Autocade will cross the 23 million page view mark today, so we’re keeping fairly consistent with netting a million every three months, a pattern that we’ve seen since the end of 2019.
Just to keep my record-keeping straight:
March 2008: launch
April 2011: 1,000,000 (three years for first million)
March 2012: 2,000,000 (11 months for second million)
May 2013: 3,000,000 (14 months for third million)
January 2014: 4,000,000 (eight months for fourth million)
September 2014: 5,000,000 (eight months for fifth million)
May 2015: 6,000,000 (eight months for sixth million)
October 2015: 7,000,000 (five months for seventh million)
March 2016: 8,000,000 (five months for eighth million)
August 2016: 9,000,000 (five months for ninth million)
February 2017: 10,000,000 (six months for 10th million)
June 2017: 11,000,000 (four months for 11th million)
January 2018: 12,000,000 (seven months for 12th million)
May 2018: 13,000,000 (four months for 13th million)
September 2018: 14,000,000 (four months for 14th million)
February 2019: 15,000,000 (five months for 15th million)
June 2019: 16,000,000 (four months for 16th million)
October 2019: 17,000,000 (four months for 17th million)
December 2019: 18,000,000 (just under three months for 18th million)
April 2020: 19,000,000 (just over three months for 19th million)
July 2020: 20,000,000 (just over three-and-a-half months for 20th million)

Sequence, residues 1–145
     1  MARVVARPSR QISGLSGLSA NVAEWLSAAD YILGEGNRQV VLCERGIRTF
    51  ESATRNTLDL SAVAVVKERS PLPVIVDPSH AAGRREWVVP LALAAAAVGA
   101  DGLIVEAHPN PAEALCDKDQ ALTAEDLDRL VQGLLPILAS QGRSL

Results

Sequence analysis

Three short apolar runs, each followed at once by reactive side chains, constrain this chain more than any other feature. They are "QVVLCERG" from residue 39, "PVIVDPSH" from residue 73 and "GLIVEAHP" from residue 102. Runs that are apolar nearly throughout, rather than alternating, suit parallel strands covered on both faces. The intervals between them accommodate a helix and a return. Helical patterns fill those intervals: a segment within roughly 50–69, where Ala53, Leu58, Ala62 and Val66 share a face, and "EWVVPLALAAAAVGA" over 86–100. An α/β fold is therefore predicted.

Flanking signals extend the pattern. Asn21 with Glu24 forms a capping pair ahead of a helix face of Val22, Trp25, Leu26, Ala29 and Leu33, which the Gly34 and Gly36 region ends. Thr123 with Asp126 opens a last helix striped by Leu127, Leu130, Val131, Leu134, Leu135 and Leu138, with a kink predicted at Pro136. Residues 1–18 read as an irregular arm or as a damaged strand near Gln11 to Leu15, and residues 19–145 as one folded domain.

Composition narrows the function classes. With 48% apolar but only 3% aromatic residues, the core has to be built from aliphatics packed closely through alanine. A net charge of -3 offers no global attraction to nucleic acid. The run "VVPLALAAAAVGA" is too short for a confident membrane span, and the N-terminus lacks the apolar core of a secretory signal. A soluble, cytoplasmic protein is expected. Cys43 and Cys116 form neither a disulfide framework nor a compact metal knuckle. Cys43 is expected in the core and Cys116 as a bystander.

October 2020: 21,000,000 (three months for 21st million)
January 2021: 22,000,000 (three months for 22nd million)
April 2021: 23,000,000 (three months for 23rd million)
I see on my 22 millionth page view post I mentioned there were 4,379 entries. It hasn’t increased that much since: the site is on 4,423. I notice the pace does slow a bit once the year kicks off in earnest: it’s the Christmas break that sees me spending a bit more time on the website.
Who knows? I may spend more on it again as I’m tiring of the tribalism of Twitter, and, most recently, being tarred with the same brush as someone I follow, even though I follow people I don’t always agree with—including people with offensive views.
On April 4, I wrote there:
Earlier today @QueenOliviaStR and I were tagged into a lengthy thread, to which I don’t think I have the right of response to the writer.
First up, I salute her. Secondly, she may disagree with how I use Twitter but I still support her. Thirdly, she should rightly do what she needs to in order to feel safe.
I don’t wish to single out any account but if you go through my following list, there are people on there whose views many Kiwis would disagree with.